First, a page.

History of St. Charles Catholic High School
St. Charles Borromeo school began in Destrehan, Louisiana, with a tradition that dates back to 1929 with the founding of the elementary school under Sister M. Margaret, C.I.C., and 1948 with the beginning of the high school under the Sisters of the Immaculate Conception with Sister M. Valerie, C.I.C., as principal. Later in 1960 the Sisters of the Most Holy Sacrament staffed the school, and Sister Mary Angel became principal. In 1970 the school came under the direction of its first of several lay principals, Thomas Duhe. Succeeding him were Vic Bonnaffee, Bill Koll, Earl Mannina, and Arthur Piatolly.
On October 6, 1977, Archbishop Philip M. Hannan of New Orleans announced that a new co-educational high school would be built in Laplace, Louisiana, but it would be known simply as St. Charles High School, under the patronage of St. Charles Borromeo. On November 16, 1977, the Dominican Sisters, Congregation of St. Mary of New Orleans, agreed to staff the school and Sister Sylvia Major, O.P., was named the first principal. The new school opened September 18, 1978, with an enrollment of 400 students. Sister Sylvia Bourgeois, O.P., became principal in 1981 and remained until 1983; C.J. Tastet became principal in 1983 and remained until 1989 at which time Andrew Cupit became principal.
In 1985 the name of St. Charles Catholic High School was approved by the Office of the Archdiocese.
Life Sketch of St. Charles Borromeo (1538-1584)
Feast Day - November 4th
At the age of twenty-two, while not yet a priest, St. Charles was made a Cardinal by his uncle, Pope Pius IV, and appointed administrator of the Archdiocese of Milan. The young man was acutely conscious of the needs of the Church at that time and played an important part in the final sessions of the reformation of the Council of Trent. In 1563, he was made priest and bishop, and Archbishop of Milan in the following year. He now modified his aristocratic way of living and set himself to apply the principles of the Council of Trent in the reformation of a large diocese that badly needed it. To help remedy the people’s religious ignorance, he established “Sunday Schools” and opened seminaries for the training of clergy. The dignity of public worship was insisted upon. St. Charles set an example of virtuous and selfless living, of caring for the needy and the sick, and of making Christ a reality to the people.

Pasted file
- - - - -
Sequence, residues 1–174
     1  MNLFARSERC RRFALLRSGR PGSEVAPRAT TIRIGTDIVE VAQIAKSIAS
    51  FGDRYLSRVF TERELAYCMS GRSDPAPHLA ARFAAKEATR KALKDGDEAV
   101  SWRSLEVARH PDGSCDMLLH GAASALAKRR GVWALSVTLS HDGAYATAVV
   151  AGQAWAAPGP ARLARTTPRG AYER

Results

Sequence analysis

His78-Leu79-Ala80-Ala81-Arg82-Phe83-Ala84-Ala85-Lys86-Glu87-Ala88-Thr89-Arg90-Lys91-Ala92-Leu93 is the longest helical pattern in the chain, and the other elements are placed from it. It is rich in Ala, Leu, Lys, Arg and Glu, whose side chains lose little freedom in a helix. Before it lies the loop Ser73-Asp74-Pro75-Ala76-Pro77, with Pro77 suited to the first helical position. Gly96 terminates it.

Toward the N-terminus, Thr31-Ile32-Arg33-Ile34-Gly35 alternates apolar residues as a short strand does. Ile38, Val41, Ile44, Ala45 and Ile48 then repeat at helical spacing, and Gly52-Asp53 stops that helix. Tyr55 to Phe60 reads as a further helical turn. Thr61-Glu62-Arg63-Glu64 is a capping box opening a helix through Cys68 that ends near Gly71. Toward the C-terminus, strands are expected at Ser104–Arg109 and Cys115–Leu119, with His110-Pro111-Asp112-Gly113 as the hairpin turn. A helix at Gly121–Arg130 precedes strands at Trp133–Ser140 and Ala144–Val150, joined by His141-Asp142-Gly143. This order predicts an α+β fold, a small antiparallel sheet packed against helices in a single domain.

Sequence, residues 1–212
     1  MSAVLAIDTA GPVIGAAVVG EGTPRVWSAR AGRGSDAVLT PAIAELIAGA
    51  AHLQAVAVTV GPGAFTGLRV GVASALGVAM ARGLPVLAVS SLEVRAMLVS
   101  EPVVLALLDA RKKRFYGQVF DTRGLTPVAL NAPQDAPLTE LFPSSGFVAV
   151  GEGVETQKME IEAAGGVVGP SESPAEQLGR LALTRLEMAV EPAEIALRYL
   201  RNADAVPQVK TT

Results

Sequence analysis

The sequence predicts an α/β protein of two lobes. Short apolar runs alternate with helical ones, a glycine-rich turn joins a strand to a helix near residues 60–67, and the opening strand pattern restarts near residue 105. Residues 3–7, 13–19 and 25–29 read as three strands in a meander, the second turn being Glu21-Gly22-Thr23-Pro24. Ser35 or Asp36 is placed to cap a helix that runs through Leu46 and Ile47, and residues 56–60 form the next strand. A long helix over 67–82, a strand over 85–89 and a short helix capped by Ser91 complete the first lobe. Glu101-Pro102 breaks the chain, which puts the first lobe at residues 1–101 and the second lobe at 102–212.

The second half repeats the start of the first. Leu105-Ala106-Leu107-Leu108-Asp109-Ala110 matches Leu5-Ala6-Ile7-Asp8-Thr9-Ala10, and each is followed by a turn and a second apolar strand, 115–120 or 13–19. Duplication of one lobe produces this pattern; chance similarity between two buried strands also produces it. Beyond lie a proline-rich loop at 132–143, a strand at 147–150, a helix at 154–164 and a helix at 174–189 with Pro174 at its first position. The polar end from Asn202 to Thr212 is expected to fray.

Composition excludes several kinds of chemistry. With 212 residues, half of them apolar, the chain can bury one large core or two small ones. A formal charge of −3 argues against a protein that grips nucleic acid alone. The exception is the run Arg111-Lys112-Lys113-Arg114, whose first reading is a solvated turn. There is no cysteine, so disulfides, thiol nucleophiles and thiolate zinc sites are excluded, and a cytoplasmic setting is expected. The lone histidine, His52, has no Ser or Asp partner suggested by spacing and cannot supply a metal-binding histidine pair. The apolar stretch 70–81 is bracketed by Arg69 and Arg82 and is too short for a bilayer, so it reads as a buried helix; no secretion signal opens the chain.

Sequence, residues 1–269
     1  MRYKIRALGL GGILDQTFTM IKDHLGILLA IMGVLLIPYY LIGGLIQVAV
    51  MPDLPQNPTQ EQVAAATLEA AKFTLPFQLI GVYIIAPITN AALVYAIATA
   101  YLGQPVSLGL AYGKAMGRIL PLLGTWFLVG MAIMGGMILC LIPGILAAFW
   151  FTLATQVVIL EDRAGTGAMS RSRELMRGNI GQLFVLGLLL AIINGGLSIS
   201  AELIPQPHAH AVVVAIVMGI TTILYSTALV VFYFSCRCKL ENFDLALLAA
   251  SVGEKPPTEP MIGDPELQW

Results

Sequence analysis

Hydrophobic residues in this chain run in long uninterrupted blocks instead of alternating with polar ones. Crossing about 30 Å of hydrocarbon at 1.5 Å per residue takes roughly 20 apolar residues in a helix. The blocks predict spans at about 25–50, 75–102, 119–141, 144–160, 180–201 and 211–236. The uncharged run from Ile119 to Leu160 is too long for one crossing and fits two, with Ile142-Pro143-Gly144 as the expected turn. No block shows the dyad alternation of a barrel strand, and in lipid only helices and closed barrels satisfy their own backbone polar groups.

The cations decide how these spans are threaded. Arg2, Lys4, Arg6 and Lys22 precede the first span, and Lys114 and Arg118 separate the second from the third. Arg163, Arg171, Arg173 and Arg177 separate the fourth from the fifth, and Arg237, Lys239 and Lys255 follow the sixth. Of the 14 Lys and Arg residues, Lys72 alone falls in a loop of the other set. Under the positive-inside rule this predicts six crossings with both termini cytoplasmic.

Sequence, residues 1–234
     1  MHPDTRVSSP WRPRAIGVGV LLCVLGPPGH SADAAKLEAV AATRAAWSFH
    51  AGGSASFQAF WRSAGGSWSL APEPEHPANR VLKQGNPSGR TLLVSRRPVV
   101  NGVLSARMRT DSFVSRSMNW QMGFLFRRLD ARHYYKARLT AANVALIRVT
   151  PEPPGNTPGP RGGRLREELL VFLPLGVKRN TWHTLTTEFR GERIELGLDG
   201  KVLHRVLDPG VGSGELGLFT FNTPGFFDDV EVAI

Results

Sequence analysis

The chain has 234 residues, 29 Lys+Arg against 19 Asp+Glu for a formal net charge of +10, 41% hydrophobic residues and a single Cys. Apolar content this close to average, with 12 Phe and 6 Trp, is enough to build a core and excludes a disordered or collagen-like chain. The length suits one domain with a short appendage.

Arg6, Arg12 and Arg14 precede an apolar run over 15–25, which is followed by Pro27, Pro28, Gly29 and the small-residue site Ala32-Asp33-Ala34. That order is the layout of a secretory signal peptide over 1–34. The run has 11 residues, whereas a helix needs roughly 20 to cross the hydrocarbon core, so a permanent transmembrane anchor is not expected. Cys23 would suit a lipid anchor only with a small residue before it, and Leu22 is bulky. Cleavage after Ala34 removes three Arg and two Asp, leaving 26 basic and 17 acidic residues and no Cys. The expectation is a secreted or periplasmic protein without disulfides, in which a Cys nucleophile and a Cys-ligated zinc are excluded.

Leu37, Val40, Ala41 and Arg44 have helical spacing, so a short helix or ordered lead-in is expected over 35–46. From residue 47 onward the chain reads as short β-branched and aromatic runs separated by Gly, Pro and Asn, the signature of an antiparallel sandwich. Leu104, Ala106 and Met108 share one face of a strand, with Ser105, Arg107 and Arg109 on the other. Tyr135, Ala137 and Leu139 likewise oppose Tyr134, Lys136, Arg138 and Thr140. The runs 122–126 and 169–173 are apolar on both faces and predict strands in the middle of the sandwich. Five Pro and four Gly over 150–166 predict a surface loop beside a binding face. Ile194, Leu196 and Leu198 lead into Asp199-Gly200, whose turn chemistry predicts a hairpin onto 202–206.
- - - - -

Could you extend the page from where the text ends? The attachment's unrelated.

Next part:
St. Charles’ uncompromising reforms were not carried on without opposition from highly placed lay people whose disorderly lives he used stringent measures to curb. Efforts were made to remove him from office, and an attempt was even made to assassinate him.
St. Charles is particularly noted for his interests in religious education of youth. He died in 1584 at the age of forty-six and was canonized in 1904.
The shield of St. Charles Catholic High School rests on a lozenge whose blue surface and gold border represent the school colors. The shield itself is divided into quarters by the gold Chi Rho, symbol of Christ, the reason for the existence of St. Charles Catholic High School and the center of all activity.
The clasped hands of the first quarter symbolize the students and faculty reaching out to know, to love, and to serve—a Christian ideal further emphasized by the upper half of the gold Chi Rho which rests in the second quarter. Dominating the third quarter, the black crozier with ermine patterned crook recalls the Cardinal-Archbishop of Milan, St. Charles Borromeo, patron of St. Charles Catholic High School. The Dominican shield, which occupies the fourth quarter, represents the Dominican Sisters of New Orleans, who staffed the school when the new school was opened in Laplace in 1978. The traditional black and white of the Dominican Order harmonizes with the white field and the black emblems of the school shield.
The gold reproduction of St. Louis Cathedral, episcopal church of the Archdiocese of New Orleans, surmounts the shield. It not only blends symbolically with the central chirho, but also renders tribute to Archbishop Philip M. Hannan, under whose inspired direction the new school in Laplace was begun. The banner unfurled below the shield proudly records the name of the school and the memorable year when the Sisters of the Immaculate Conception opened the first school in Destrehan in 1948.
May St. Charles Catholic High School ever cherish—become a living symbol of —the noble heritage and aspirations symbolized by its shield.